For time immemorial, we have been taught to go out of our way to help out family and friends. A modern way of helping the family in need is to be their guarantor. But with the emotions and ingrained traits, we often fail to understand the responsibilities that come with being a guarantor.
It is always advised to make an informed financial decision, and while you may not be shelling out money from your pocket immediately and it may seem like a safe bet, you might want to reconsider.
Being a guarantor is essentially a way of assuring the loan provider that the borrower will repay the entire amount as scheduled. This may seem like an easy thing to do for someone you have known for a long time, it is essential to know that in case the borrower defaults, your credit ratings might be affected as well.
This article discusses the various aspects of being a guarantor.
Criteria Of Becoming A Guarantor
There are different criteria for being a guarantor in the UK. Most lenders accept guarantors to be over 18 years of age with a good credit score and do not accept guarantors who are not based in the UK. Certain lenders may require the guarantor to be at least 21 years old.
The lender will also perform a credit check on you. While it is obvious to wonder, “why would the lender check my credit rating?” However, it is important for the lender to have the assurance that you have a clean credit history. You can only be a guarantor if you have a spotless credit rating yourself.
Responsibilities Of A Guarantor
As a guarantor, you will be required to step in and take over the obligations that have been agreed between the lender and the borrower. Some loans even require the guarantors to make payments if the borrower cannot do it themselves.
Not only loans, sometimes even rent agreements require guarantors. In cases where the tenants cannot pay the rent because they have a very low income or a bad credit score, they might be required to present a guarantor who can pay the rent or other penalties to the landlord.
Pros Of Becoming A Guarantor
It is very satisfying to be there for your family members in times of need. Therefore, you can evaluate the risks associated with the agreement to check whether the borrower has a good repayment plan in place.
In such cases, you can safely go ahead and accept being a guarantor just for the satisfaction of it. However, if you see any red flags, this should not be your sole criteria for agreement.
Another benefit of being a guarantor is that you can choose to limit the size of the guarantee and minimise the risk for yourself. Since you are allowed to be liable for only a certain portion of the loan, the lender bears the risk for loan amounts above the opted limit. This reduces the strain on you in case the borrower is unable to repay the loan.
Cons of Becoming a Guarantor
Becoming a guarantor means you are entering a legal contract with the lender or landlord for a specific amount of time. It also means that you agree to bear the repercussions on behalf of the borrower.
In case the borrower is unable to repay their loaned amount, you are legally entitled to pay them instead. If you do not refund the borrowed amount and default on the guarantee, you can have some legal trouble on your hands.
We all know the importance of credit rating. Maintaining a good credit rating is essential to get loans, tenancy contracts and even houses. If you worked hard to ensure a good credit rating, you would not want to diminish it due to someone else’s inability to pay their debt.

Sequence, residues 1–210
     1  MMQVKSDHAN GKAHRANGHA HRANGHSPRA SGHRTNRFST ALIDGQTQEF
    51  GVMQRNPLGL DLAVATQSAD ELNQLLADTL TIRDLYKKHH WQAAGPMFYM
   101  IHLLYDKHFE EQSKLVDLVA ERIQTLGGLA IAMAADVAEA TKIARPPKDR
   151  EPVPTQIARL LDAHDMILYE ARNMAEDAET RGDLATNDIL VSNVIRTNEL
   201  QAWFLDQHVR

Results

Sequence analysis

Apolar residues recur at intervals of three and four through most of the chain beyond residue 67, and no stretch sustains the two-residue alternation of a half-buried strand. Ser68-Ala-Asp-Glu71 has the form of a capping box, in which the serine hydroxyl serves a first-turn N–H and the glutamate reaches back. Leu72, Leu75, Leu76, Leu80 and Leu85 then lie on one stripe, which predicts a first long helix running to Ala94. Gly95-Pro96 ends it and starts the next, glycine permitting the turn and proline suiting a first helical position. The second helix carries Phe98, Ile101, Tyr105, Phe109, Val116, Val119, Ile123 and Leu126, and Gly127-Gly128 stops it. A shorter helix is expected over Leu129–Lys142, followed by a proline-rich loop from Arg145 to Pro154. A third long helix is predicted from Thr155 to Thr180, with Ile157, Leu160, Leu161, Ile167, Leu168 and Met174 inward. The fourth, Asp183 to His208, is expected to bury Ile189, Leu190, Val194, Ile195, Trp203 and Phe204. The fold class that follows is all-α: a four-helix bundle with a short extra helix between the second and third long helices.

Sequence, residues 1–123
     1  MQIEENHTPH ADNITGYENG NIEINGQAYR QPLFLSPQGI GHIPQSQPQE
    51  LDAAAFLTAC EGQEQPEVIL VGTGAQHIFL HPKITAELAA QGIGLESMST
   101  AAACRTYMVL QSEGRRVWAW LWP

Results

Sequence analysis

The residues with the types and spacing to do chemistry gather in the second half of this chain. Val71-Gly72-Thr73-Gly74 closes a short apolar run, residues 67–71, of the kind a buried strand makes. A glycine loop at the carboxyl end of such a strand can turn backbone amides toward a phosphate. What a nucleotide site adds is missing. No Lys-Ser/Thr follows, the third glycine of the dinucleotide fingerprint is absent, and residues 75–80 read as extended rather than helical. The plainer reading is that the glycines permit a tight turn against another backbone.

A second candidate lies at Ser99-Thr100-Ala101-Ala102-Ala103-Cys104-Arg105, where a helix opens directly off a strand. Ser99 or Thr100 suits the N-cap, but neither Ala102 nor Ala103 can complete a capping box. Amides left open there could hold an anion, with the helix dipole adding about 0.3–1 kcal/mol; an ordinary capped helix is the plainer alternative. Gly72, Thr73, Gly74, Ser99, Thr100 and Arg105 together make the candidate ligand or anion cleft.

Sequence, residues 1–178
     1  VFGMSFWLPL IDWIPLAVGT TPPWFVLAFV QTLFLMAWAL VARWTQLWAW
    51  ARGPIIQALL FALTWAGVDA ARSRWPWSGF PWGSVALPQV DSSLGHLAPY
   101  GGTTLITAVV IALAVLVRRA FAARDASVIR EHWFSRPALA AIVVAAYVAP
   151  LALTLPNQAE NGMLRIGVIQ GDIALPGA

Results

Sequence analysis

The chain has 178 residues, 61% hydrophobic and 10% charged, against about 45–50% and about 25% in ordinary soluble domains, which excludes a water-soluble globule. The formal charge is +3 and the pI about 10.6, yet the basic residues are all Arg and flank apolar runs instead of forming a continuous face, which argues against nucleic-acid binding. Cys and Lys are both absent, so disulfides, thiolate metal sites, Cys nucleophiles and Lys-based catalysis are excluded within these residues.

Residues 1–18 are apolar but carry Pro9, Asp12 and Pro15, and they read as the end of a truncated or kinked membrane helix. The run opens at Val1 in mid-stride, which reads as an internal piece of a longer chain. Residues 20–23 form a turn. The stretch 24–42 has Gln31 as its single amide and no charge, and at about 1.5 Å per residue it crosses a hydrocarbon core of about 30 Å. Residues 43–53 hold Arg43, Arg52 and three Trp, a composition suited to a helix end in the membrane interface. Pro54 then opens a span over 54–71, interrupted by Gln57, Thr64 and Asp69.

Your credit score will be unaffected if the borrower repays their debt quickly. But unfortunately, it will be damaged if both the borrower as well as you cannot repay the loan within the specified time.
Sometimes, guarantors are required to surrender the title and deeds of their houses to the lender or landlord. In such an unlikely event, you may not be able to use it as security for any loans of your own.
Impact On The Relationship
Being a guarantor is a stressful job, and the stress of it could hamper your relations with the borrower. Two scenarios can occur. Firstly, the burden of having to pay someone else’s debts could ruin your personal relationships.
Secondly, if your relationship with the borrower breaks down, you cannot wriggle out of the responsibility of being their guarantor. Even after an irreparable falling out, you will be liable for the borrower’s debts if they are unable to make the repayments.
What Should You Do Next?
First, go ahead and pat yourself on the back for being financially secure enough to provide others with the security net to become independent. Having said that, while it is a personal decision whether you want to become a guarantor or not, you should not base it on emotions but rational arguments.
There are both pros and cons of being a guarantor. You should weigh them out while making the decision. However, if you are still in a dilemma, you should consider approaching the borrower and asking them to reconsider their option of borrowing the money or undertaking the tenancy.
For example, you could suggest payday loans for bad credit. These are high-cost, short-term loans designed to support people with poor credit history in overcoming financial emergencies.
Often people neglect the fact that being a guarantor is a legally binding contract which cannot be broken unless the tenure is over. If both the borrower and you fail to repay the loan or rent, the lender or landlord can file a legal case against you even though you were not the primary party. Therefore, this decision should not be made on a whim.
Furthermore, this decision could also impact your credit rating. The borrower’s inability to repay their rent or mortgage should not hamper your hard-earned credit ranking. Unfortunately, if that is the case, it is better to think twice before you agree to become a guarantor.